Gov. Jeb Bush signs Civil Legal Justice Act Gov. Jeb Bush signs Civil Legal Justice Act Senior Editor State funding for legal aid programs moved to the brink of reality as Gov. Jeb Bush on May 30 signed the Civil Legal Justice Act.The only remaining barrier was that Bush must approve the state budget, which was not expected until after this News went to press. But with the signing of the act, it appeared likely its $2-million appropriation would also survive gubernatorial scrutiny.Six days before the signing, the bill was still very much on the minds of Bar leaders as President Terry Russell urged the Board of Governors to begin work now to expand the program next year. And he received an unexpected tribute for his work in conceiving and getting the legislature to approve the program.At the board’s May 24 meeting in Jacksonville, board member Sharon Langer, who also heads the Dade County Legal Aid Society, announced that the state’s legal aid groups had gotten together and created the Terry Russell Equal Justice Fellowship to honor the president’s efforts.“Beginning this summer and every summer, hopefully, for the rest of our existence, an outstanding law student will spend the summer in one of our programs,” Langer reported to the board. “We expect to produce a distinguished core of Terry Russell Fellows who will go on to honor you by being good lawyers.”Langer’s surprise announcement, and the board’s resultant standing ovation for the president, caught Russell off guard.“I am probably for the first time in my life speechless,” he said. “It’s a marvelous accomplishment for all of us. I didn’t do it alone. I am humbled and I appreciate it.”Janet Neris, a student at St. Thomas School of Law, will be the first Terry Russell Fellow, and will work with Broward Legal Aid this summer. Langer said each participating agency is assessing itself a fee to pay for the program.In his president’s report to the board, Russell reiterated that it was a team effort to pass the bill. He particularly cited the effort of Bar General Counsel Paul Hill and outside legislative consultant Steve Metz, adding, “It was well beyond the call of duty what Steve did on that legislation.”The success has brought both more opportunities and challenges, he said. One benefit is that at The Florida Bar Foundation’s Annual Dinner at the Bar’s Annual Meeting several legislative leaders who were key to passing the program will be in attendance. They are, Russell said, House Speaker-designate Johnny Byrd, Rep. Carlos Lacasa, chair of the Fiscal Responsibility Council, and Rep. Dudley Goodlette and Sen. Burt Saunders, who sponsored the legislation in their respective chambers. Others may also attend, he added.He said that would be a chance for Bar members to thank them for supporting the Civil Legal Justice Act — and to seek increased support in the future.“We need to let them know $2 million is not enough,” Russell continued. “One of the things I’ve learned about the legislature is you never stop asking them for more, because if you do, they give you less. I hope to get $10 million.”And that, Metz told the board, is likely to be a tough challenge.“The legislature used $1.2 billion of nonrecurring dollars in recurring programs [in the 2002-03 budget],” he said. “So next year they’ve got to have $1.2 billion of new money just to keep up.”He also said pushing the legal aid program was different than in recent sessions where the Bar was focused on preventing erosions to the independence of the judiciary and of the Supreme Court’s oversight of the legal profession. He recalled that Russell was involved before the 2001 session when Metz was hired as the Bar’s outside legislative consultant.“He said, ‘It’s not good enough to play defense, you’re going to have to pass something when I’m president.’”“When you play offense, you have to be pretty lucky sometimes. . . . Terry was fantastic. If you saw how he would walk into a hostile office and have the passion he did about providing legal services to the poor — it came from the heart and that’s why we won.“It was a year of trying to restore a lot of budget cuts,” Metz said. “It is extraordinary that Terry was able to come through in a tight budget year with a new program that required $2 million.” June 15, 2002 Gary Blankenship Senior Editor Regular News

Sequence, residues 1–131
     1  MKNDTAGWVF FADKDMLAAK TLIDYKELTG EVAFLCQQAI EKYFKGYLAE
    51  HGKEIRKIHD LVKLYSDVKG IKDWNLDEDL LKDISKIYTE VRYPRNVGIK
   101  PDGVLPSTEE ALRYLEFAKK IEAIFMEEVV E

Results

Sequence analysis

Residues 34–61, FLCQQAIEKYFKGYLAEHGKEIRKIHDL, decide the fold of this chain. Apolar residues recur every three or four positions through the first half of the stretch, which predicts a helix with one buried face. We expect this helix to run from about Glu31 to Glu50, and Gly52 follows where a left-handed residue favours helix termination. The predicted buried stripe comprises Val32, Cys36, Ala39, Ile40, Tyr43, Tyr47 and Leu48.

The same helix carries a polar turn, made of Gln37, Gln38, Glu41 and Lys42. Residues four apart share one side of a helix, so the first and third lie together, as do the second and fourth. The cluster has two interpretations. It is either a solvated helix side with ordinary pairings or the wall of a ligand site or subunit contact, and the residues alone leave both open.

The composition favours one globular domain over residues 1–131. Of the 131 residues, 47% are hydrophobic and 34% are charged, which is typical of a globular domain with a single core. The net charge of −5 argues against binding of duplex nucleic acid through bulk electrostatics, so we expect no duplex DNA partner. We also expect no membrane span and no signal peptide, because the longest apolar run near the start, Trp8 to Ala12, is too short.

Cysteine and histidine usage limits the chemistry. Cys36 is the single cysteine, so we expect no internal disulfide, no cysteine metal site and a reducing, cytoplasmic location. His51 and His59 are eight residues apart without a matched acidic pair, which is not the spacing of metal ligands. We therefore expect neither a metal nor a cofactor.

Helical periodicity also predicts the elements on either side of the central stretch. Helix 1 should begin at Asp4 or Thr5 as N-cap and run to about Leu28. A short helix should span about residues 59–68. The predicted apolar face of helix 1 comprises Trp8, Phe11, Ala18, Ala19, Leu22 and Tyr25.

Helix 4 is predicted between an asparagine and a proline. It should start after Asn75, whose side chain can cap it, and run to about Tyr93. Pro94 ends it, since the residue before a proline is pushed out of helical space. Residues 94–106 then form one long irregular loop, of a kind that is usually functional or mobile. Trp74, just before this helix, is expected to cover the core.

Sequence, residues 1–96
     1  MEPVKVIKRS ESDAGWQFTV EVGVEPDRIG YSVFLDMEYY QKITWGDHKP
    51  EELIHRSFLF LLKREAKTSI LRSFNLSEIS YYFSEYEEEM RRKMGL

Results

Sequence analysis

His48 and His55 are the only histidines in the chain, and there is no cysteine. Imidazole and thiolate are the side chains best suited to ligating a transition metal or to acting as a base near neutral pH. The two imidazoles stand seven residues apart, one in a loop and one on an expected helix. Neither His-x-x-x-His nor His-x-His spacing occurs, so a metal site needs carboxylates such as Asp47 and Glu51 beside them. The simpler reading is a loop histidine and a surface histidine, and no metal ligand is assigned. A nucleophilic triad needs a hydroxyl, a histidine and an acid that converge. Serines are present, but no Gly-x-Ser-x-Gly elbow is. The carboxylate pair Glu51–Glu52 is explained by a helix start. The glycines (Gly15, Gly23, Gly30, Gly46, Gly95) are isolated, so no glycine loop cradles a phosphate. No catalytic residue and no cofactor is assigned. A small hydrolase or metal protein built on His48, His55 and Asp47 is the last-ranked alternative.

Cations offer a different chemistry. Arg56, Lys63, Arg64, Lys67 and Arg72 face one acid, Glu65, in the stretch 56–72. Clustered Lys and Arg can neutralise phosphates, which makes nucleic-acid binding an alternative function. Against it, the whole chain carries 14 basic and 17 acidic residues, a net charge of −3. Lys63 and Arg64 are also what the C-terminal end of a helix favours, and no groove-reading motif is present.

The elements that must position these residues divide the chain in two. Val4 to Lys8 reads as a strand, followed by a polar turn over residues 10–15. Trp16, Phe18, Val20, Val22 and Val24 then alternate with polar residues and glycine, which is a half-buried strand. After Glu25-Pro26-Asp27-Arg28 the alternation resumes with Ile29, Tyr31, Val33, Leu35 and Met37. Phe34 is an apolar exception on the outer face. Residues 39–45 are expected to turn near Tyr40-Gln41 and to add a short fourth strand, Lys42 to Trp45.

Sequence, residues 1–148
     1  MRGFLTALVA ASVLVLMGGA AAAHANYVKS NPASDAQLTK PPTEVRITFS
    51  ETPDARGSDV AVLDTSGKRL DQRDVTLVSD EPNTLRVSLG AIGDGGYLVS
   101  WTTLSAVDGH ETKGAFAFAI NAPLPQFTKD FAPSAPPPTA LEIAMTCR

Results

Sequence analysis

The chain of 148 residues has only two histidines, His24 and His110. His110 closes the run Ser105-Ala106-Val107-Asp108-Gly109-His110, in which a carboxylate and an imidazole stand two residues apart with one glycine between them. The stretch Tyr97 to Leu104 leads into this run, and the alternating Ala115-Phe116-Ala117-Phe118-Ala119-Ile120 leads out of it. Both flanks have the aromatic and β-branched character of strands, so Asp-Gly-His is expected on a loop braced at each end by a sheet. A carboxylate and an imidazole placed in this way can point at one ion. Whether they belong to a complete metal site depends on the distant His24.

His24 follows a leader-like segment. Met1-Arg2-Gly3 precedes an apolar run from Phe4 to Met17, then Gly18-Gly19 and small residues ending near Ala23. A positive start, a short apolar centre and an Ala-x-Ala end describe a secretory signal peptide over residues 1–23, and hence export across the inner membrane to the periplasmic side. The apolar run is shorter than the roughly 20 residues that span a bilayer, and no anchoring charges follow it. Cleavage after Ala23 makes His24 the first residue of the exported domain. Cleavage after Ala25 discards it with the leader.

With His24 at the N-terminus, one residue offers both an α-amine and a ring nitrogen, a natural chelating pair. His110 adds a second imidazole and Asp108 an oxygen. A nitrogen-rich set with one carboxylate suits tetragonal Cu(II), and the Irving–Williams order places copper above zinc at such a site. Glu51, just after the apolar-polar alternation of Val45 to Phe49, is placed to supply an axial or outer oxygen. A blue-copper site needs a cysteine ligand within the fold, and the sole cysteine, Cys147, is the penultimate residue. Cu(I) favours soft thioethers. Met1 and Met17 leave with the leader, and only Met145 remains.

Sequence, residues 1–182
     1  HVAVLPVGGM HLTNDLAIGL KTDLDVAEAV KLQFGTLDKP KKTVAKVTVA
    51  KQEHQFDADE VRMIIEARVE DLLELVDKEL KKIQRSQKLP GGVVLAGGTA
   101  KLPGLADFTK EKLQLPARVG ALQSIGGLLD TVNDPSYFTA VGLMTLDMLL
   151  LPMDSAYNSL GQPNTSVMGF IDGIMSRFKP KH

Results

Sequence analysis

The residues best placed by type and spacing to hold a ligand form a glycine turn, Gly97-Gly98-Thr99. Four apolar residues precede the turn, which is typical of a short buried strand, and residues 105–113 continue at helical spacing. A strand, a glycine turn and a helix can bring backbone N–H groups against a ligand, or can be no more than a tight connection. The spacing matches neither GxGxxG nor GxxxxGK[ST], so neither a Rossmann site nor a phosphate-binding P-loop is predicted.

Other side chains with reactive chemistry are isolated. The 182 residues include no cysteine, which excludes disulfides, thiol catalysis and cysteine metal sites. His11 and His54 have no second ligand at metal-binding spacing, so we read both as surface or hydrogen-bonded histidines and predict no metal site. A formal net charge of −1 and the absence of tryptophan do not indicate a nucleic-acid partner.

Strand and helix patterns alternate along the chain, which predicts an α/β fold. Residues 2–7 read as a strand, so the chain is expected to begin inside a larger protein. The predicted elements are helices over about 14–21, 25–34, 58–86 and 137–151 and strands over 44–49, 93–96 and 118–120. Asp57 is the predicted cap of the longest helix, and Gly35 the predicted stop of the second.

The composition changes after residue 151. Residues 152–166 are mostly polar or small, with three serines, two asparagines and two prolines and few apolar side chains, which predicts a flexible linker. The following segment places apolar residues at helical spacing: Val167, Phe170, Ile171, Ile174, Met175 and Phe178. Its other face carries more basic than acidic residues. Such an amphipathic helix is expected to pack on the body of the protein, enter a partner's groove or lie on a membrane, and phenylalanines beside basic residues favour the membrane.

Press Association Ticket prices have long been a thorny issue within the modern game, particularly for the away supporters, who often feel they are not being given a fair price especially those of the leading clubs. A recent survey by the FSF showed the likes of Arsenal’s top price for visiting supporters was £64, QPR charged £55 while Sunderland were cheapest at £39. Crystal Palace charged both home and away fans £40 at Selhurst Park. FSF chief executive Miles believes making such a gesture would not only show a level of good will to paying customers, but also maintain the unique live atmosphere which makes the Premier League such an attractive proposition. “The uplift on domestic television rights alone, not including the overseas deal, is the equivalent of more than £40 for every single ticket sold at each game over the three years, so that gives you an idea of how much manoeuvre the clubs have got – and with that much money going into the game, how they could afford to treat people a lot better,” Miles told Press Association Sport. “The Premier League has already set one or two precedents, there are already rules to benefit away fans, like how many seats they have to allocate in the stadium and how they cannot charge away fans more than the home fans for similar accommodation. “They also ring-fence money via the ‘Away Fans Initiative’ to be invested into increasing numbers of away fans. “What we are proposing out of this huge increase in money is they increase the amount of money involved.” Miles continued: “Our ‘Twenty’s Plenty’ idea to be implemented, we believe would cost the clubs around £20million a season, which is £1million per club, then talk to the fans about how they want that money used, it could make a huge difference to the experience of away support. “They could make this contribution easily and relatively cheaply, to guarantee the atmosphere with participation of away fans to keep their numbers up, which have declined over the last 10 years and that is something which needs to be addressed.” Miles believes any moves to increase the travelling supporters at all Premier League stadia could only have a positive impact. “Part of the reason the Premier League is able to generate so much money for the television rights is precisely because of the whole atmosphere and spectacle. It would be short-sighted to think it is just all about what happens on the pitch,” he said. “The battle is sometimes you have to convince the clubs that it is in their best interest as well as ours, and stress the importance of what fans contribute to what they are selling. “The Premier League did a survey of television audiences in Thailand when they were looking at overseas matches, what they found was actually fans did not want to see Manchester United against Liverpool in Bangkok, they would love the chance to go to Anfield or Old Trafford to witness the real thing. “So there are signs the Premier League are starting to look at these things and recognise the importance of it.” Chairmen of English football’s 20 elite clubs met in central London on Wednesday for the first time since the bumper new £5.14billion television broadcasting deal was announced. The FSF presented an open letter to the chairmen, which was co-signed by fan groups from every Premier League club, detailing what it believes are key elements such as the cost of attending live matches, facilities for away fans, more supporter engagement as well a fairer distribution of football’s wealth throughout the domestic game and grassroots. The Premier League can easily accommodate an initiative to limit away fans tickets at £20 to protect the “spectacle” of its product, according to the chief executive of the Football Supporters’ Federation Kevin Miles.